Longtime Edwards man’s death may save others
GRAND JUNCTION, Colorado Dugan Propernick was the life of the party Very outgoing, said his nephew, Tom Jenkins of Grand Junction. If you met him, you wouldnt forget him.Dugan, who lived in Edwards for 30 years until 1994, wont be forgotten at Vega Reservoir, where he died after having a heart attack while fishing with his favorite people his family June 30.He was having the time of his life in a boat at the upper reaches of Vega Reservoir when he collapsed. The medical emergency took place during a family reunion, and there were nearly 100 family members there.Jenkins, a retired fire fighter for the Gypsum Fire Protection District, along with his aunt Nikki Jenkins and cousin Heather Jenkins, and other trained family members and volunteers performed cardio-pulmonary resuscitation on Dugan for more than 45 minutes the time it took the Mesa Fire Department to arrive.Paramedics brought with them an automatic external defibrillator, or AED, which, under certain circumstances, can stimulate the heart and get it started again.It was too late for Dugan, but his family decided not long afterward that it wont be too late for others. The family chose to save memorial contributions and buy an AED to leave at the reservoir for the Park Service to have in the event of future emergencies.It was brought up, do we have an AED on site? Is there one around? Jenkins said, recalling the frantic moments trying to save his uncles life.Then later, It was sort of a family discussion should we do something?
Dugan Propernick was born in Leadville and moved his wife and children to Edwards in 1964. He worked then at the Flemming Sawmill and later worked at B&B Excavating, the Vail Concoco and Gulf stations, the Highway 6 & 24 Garage, Dugan Construction and Vail Associates. He was known to a lot of people in Vail Valley, said family members, who spent the nearly $2,000 in memorial donations on an AED unit with extra pads for adults and children for Vega Reservoir.Its not as easy as buying a unit and delivering it, said Jenkins.You have to have a doctors prescription to purchase one, Jenkins said. It took a while to get the red tape cut.Also, the family wanted the AED unit to be the same model used at nearby Plateau Valley and Mesa fire departments, so paramedics would be familiar with the model.The Park Service personnel were trained in CPR and AED in October, said Dugans wife, Linda Propernick.Sunday, the family donated the unit to Vega State Park, where Park Manager Bob Miller accepted.It would be nice to have a unit, which is about the size of a Mesa County telephone book, in each of the park vehicles, said Miller.A lot of times, were the first on-scene, Miller said. The key is to get an AED on scene by five minutes.In Millers 23 years in the state park service, hes helped perform CPR on six to seven people. Not once has he had an AED unit, and not one victim lived, he said.We were told they have two at Sylvan Lake (in Eagle) and one of them saved the life of a 5-year-old girl, said Propernick.They had just gotten the AED there. They only had it on the park for three weeks, Miller said. They administered a shock and revived her.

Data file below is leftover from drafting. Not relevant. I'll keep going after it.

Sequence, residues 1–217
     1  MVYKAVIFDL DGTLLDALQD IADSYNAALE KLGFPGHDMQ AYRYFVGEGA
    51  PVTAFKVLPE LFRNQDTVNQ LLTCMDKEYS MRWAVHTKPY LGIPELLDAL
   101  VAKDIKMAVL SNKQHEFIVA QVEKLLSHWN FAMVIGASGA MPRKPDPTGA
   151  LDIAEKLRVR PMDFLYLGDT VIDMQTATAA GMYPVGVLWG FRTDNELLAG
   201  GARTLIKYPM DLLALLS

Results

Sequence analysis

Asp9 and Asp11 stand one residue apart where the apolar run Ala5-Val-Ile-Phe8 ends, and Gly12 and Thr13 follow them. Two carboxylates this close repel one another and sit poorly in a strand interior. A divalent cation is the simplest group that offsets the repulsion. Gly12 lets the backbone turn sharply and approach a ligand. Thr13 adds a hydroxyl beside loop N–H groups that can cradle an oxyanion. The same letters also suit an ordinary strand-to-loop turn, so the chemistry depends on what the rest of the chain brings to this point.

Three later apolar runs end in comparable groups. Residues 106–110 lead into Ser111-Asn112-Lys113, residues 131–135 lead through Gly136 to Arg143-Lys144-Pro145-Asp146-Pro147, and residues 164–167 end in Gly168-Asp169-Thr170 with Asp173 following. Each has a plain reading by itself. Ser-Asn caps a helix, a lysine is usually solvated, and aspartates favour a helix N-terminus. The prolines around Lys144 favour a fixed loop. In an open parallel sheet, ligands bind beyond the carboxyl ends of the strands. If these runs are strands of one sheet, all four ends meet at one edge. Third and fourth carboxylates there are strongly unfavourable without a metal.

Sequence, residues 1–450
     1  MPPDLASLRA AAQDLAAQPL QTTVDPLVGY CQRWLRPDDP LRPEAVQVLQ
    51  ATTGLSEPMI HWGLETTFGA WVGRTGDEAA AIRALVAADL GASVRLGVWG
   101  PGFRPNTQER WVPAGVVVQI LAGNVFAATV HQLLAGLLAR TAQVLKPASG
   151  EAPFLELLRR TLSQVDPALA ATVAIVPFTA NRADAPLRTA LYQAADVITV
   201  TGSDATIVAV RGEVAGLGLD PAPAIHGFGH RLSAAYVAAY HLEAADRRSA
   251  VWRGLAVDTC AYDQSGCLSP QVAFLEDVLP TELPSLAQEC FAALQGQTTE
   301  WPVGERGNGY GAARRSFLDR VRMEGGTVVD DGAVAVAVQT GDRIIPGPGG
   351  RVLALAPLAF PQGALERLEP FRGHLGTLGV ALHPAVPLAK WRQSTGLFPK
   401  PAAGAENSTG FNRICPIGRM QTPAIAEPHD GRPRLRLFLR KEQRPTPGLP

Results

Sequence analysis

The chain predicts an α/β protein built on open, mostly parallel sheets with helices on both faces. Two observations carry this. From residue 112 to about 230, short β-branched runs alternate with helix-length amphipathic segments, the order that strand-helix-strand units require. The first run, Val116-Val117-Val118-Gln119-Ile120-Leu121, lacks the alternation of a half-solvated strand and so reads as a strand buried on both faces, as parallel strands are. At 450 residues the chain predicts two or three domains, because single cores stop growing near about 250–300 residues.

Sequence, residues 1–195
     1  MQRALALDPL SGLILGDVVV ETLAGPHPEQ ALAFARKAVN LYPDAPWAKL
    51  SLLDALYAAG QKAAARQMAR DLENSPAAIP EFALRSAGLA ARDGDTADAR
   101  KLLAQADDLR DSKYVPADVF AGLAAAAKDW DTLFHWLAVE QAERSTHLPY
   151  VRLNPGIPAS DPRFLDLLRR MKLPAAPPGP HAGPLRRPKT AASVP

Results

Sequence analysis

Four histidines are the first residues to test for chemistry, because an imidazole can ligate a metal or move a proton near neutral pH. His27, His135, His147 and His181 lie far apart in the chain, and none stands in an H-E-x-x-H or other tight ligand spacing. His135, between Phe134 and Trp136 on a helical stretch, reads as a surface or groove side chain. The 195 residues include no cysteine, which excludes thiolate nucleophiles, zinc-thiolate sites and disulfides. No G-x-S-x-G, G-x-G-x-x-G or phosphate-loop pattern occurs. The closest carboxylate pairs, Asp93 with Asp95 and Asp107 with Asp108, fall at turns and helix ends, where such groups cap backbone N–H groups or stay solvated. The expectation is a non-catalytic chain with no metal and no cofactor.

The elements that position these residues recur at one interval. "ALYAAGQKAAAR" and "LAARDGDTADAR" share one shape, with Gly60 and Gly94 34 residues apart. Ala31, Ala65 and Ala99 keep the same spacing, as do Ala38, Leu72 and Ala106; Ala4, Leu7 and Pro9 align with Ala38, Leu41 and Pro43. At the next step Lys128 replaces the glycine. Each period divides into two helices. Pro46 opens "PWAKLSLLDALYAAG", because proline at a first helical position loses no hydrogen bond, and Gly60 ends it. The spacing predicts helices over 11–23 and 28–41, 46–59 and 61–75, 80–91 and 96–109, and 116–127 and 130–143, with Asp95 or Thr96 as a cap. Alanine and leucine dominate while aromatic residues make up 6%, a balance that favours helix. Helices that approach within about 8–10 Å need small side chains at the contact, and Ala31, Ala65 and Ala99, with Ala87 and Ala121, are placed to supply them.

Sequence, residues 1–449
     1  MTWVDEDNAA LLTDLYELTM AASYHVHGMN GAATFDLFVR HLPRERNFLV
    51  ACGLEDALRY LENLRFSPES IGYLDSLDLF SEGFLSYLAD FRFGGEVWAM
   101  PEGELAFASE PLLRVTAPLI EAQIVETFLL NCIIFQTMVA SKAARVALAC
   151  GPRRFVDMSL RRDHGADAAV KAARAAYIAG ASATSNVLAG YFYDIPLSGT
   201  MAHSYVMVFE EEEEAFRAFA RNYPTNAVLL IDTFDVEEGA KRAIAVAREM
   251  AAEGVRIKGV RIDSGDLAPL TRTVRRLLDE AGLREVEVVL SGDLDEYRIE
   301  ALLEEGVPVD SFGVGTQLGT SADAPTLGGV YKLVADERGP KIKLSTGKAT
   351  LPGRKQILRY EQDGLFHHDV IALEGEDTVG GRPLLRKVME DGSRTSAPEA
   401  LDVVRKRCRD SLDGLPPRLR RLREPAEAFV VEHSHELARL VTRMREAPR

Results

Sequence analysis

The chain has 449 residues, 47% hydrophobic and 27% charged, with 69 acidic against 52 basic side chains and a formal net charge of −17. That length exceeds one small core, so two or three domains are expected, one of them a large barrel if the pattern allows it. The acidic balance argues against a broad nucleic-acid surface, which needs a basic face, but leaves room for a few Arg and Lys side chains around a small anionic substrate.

There may be more opportunity for Dugan to save a life.The Propernick family has kept the Alpine Bank fund open under the name Dugan Propernick and will buy another AED for the Park Service, said Propernick.If anyone wants to donate, Im sure there are other places that need them, Jenkins said. If it helps one life, its well worth it.It feels good to have done this, Propernick said. I think it might accomplish some good.Propernick said her husband so enjoyed fishing, camping in their fifth-wheel and spending time with family, including his grandkids.They called him Grumpy Grandpa sometimes, Propernick said chuckling. He was funny. He made you laugh.We sure do miss him.Jenkins recalled the last day of his uncles life.The last words out of Dugans mouth were, Isnt this the life? Jenkins said. He was with family and in a boat.
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Vail’s updated plans regarding the state guidelines and isolation housing requirements is one of several pieces of information guests are waiting on heading into the 2020-21 season.